Tags: online | sales | tax | bill

Congress Considers Another Online Sales Tax

Friday, 15 Feb 2013 01:06 PM

By Lisa Barron

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A new bipartisan online sales tax bill has been introduced in Congress that would allow states to collect from out-of-state retailers for products sold over the web to their residents.

According to Politico, the Marketplace Fairness Act, which resolves differences between three similar bills that failed last year, would not force the states to collect a sales tax but would simply give them the authority to do so.

“This bill does not tell the states they have to do it; it just enables them to do it,” said Arkansas GOP Rep. Steve Womack at a press conference. “How many more small brick-and-mortar obituaries do we have to see before we recognize that we have a problem?”

Democratic Sen. Dick Durban of Illinois, one of the bill’s co-sponsors, said he has asked Montana Sen. Max Baucus, chairman of the Finance Committee, to “make this a priority.”

According to Politico, the Republican and Democratic sponsors of the measure are determined to act on it this year.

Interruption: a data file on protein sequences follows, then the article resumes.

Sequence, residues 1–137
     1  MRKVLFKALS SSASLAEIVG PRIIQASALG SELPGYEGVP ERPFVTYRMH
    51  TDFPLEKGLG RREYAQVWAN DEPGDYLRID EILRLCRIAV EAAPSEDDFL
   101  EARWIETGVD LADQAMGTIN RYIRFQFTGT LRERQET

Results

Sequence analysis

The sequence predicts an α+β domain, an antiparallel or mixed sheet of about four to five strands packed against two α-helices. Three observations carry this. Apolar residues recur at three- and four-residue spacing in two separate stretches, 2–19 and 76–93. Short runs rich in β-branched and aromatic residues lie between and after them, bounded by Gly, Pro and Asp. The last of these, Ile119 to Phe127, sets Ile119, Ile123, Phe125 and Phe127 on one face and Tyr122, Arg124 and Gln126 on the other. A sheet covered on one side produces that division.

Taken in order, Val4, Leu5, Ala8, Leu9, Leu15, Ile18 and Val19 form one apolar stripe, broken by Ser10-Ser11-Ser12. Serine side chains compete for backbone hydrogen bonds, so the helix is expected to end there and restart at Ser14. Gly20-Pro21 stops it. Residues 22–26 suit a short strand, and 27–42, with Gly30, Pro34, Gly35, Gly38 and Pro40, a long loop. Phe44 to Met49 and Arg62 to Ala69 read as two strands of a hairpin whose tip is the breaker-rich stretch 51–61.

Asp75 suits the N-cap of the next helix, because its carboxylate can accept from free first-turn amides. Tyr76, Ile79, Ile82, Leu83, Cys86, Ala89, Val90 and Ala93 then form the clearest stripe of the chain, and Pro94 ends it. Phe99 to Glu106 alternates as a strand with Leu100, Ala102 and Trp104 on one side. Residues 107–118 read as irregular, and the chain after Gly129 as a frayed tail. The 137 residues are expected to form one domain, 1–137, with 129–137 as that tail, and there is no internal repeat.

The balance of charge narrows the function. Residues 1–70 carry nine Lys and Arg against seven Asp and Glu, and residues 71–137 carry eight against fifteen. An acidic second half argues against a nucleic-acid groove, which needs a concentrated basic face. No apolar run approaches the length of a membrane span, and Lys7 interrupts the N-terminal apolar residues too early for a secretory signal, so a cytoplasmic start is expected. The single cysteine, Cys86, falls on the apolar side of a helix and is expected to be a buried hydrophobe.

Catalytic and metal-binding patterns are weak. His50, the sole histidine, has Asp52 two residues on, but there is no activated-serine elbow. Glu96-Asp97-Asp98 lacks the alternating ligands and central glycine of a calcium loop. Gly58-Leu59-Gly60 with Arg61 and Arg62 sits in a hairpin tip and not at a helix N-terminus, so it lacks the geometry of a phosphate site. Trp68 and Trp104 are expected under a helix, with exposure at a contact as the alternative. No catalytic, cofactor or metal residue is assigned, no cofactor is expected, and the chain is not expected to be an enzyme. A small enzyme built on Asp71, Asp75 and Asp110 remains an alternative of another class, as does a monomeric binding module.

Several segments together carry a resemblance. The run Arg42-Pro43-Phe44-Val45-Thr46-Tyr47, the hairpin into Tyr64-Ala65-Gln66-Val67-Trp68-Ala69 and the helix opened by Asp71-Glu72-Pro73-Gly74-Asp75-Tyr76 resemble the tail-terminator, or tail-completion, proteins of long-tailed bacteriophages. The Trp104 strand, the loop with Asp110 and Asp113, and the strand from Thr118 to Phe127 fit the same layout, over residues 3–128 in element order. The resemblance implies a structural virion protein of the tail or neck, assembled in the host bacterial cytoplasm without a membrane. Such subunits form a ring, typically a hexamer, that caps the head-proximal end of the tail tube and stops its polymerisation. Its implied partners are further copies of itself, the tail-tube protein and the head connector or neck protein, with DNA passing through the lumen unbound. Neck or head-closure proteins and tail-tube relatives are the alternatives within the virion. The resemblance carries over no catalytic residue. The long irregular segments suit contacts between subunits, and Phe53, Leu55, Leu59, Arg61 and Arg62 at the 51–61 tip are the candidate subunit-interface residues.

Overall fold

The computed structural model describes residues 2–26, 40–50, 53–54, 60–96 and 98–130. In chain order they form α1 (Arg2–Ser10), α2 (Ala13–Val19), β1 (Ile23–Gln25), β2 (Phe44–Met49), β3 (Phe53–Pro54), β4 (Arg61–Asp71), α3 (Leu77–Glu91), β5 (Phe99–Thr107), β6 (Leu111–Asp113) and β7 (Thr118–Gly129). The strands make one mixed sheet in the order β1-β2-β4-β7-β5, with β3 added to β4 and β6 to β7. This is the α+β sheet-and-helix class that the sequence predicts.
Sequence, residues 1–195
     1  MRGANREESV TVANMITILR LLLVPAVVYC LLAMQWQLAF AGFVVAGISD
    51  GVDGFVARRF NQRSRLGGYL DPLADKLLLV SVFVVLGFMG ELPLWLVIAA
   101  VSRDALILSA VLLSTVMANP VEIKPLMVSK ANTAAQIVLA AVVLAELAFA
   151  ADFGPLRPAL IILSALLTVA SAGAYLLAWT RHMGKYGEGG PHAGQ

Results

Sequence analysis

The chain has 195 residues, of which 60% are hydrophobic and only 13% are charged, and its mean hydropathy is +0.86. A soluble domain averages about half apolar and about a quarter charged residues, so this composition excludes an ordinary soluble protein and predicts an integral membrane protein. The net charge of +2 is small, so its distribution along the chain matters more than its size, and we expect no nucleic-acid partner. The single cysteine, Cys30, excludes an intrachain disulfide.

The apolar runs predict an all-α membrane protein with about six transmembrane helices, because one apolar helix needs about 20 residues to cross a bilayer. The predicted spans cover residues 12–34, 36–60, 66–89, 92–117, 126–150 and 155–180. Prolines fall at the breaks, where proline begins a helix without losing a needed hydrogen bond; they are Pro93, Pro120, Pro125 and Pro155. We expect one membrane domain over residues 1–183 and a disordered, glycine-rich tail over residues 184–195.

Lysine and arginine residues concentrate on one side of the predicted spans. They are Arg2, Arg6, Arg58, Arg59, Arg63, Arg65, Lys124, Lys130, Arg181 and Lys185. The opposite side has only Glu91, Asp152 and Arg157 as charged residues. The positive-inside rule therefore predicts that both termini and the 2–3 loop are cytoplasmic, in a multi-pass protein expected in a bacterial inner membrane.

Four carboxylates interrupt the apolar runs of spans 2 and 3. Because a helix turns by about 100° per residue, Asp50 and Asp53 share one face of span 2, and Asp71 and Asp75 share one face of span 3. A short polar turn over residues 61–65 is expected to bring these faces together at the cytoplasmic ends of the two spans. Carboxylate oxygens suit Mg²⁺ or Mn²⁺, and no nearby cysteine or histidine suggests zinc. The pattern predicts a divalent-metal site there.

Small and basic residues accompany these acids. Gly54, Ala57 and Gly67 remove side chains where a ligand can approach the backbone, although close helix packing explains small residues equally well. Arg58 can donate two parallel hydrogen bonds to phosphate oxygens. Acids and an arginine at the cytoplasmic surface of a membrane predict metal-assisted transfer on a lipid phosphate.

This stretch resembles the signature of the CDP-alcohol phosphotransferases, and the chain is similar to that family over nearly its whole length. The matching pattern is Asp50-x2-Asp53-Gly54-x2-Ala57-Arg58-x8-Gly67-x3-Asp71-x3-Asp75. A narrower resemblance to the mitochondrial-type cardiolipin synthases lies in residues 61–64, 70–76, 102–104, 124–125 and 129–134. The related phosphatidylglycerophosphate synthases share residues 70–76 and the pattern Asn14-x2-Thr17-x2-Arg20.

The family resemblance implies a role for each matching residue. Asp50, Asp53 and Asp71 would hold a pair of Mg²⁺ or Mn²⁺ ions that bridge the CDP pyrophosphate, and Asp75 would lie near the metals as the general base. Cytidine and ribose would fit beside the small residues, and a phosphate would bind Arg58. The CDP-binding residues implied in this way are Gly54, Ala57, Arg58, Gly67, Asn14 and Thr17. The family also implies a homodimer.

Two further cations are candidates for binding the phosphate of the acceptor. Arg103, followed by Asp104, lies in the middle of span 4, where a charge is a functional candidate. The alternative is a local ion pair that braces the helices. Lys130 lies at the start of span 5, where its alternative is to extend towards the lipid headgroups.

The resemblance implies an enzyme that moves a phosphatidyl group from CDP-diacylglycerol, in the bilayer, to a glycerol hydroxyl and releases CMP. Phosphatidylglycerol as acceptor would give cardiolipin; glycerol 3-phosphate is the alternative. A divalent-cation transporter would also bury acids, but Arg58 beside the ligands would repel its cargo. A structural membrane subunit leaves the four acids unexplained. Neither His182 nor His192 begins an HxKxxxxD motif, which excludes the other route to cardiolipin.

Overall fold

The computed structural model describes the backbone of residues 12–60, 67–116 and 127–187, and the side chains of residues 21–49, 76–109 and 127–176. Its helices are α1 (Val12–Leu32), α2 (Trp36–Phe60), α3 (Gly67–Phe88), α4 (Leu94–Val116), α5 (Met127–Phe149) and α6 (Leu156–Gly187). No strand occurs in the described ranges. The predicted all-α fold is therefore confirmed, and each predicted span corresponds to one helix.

Under the current system, most states with sales tax depend on residents to voluntarily pay taxes on their online purchases, but few actually do. The federal bill would allows states to collect a tax on products sold over the Internet to their residents even if the companies don't have a physical presence in the state.

Supporters of the legislation say online businesses have benefited unfairly from different tax treatments and that state and local governments have lost out on revenue.

But opponents argue the legislation could unduly burden retailers, especially small ones, with having to comply with too many different kinds of tax jurisdictions.

Phil Bond, executive director of the WE R Here coalition, which represents small online businesses, said newest online tax bill has the "same proponents, same disregard for small Web businesses, and the same ill-advised effort to use the Internet as a platform for taxation rather than innovation" as previous bills.

"We trust this effort, like the ones before it, will be defeated by those who favor small businesses and innovation," he said.

Leading the bill in the Senate are Durbin and Republican Sens. Mike Enzi of Wyoming and Lamar Alexander of Tennessee. In the House, the key sponsors are Womack and Democratic Rep. Jackie Speier of California.


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